The Department for Transport has allocated road funding worth £1.2bn to councils across England today.
An innovative pothole spotting system and a new motorway junction on the M11, near Harlow in Essex, were also part of the announcement. The new junction will support the development of thousands of new homes and construction will start in 2019.
The funding to councils is for the 2017 to 2018 financial year. It includes money from several pots which have already been announced, including the National Productivity Investment Fund. Today councils learn exactly how much they will get from each pot. It includes £75M which councils can bid for to fund repair and maintainance work on infrastructure such as bridges and rural roads.
The pothole-spotter system is being mounted on refuse collection trucks in a trial to be conducted by the Department for Transport (DfT) and Thurrock and York Councils. They include high-definition cameras with an integrated navigation system and have been designed to identify road surface problems before they become potholes.
“Roads play a significant part in everyday life linking people with jobs and businesses with customers, which is why this government is investing record amounts improving and maintaining highways across the country to help motorists,” said transport minister Andrew Jones.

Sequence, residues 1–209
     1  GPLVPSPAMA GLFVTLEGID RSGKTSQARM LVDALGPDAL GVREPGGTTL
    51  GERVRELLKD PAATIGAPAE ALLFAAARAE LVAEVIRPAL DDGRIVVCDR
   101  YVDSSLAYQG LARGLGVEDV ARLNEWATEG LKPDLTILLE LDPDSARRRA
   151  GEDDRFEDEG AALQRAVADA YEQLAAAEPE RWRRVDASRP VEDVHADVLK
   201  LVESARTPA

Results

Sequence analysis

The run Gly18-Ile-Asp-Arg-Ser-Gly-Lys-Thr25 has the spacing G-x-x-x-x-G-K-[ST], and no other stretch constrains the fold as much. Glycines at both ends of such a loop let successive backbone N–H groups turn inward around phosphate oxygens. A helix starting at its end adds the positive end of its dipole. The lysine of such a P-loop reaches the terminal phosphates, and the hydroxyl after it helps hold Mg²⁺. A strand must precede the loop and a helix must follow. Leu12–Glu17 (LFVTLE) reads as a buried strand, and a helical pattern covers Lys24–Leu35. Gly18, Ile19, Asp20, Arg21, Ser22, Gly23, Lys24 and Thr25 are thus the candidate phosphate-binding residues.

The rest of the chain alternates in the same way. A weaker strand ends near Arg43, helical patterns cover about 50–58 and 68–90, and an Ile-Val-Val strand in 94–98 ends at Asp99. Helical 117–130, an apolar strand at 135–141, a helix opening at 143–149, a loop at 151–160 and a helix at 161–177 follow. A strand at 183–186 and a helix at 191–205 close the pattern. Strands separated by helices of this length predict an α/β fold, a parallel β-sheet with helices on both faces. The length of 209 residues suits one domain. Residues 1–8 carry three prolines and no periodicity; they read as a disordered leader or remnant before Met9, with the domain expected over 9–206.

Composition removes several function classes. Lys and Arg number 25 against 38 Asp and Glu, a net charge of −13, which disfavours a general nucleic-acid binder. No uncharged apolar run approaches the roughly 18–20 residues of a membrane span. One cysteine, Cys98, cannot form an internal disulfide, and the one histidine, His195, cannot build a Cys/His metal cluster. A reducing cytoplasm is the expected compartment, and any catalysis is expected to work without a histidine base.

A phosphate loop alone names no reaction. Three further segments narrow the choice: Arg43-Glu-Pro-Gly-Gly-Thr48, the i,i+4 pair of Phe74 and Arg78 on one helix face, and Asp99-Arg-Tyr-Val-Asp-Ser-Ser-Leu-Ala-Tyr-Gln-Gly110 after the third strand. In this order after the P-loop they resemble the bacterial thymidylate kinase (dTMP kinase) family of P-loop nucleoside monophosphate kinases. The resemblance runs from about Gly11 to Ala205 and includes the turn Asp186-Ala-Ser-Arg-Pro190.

“The funding we have allocated today is focused on relieving congestion and providing important upgrades to ensure our roads are fit for the future - helping to build an economy that works for everyone.”
The breakdown of the £1.2bn is:
- £210M from the National Productivity Investment Fund announced in the Autumn Statement, with £185M to English local authorities outside London and £25M to tackle some of the most dangerous A roads.
- £801M to improve the condition of local roads for local highway authorities in England, outside London.
- £70M from the Pothole Action Fund, again for English local authorities outside London.
- £75M from the Highways Maintenance Challenge Fund, allocated in the form of bids from local highway authorities in England, outside London.
- £75M from the Highways Maintenance Incentive Element, allocated to councils which can demonstrate that they have taken steps to spend more strategically and find efficiencies in the management of highways.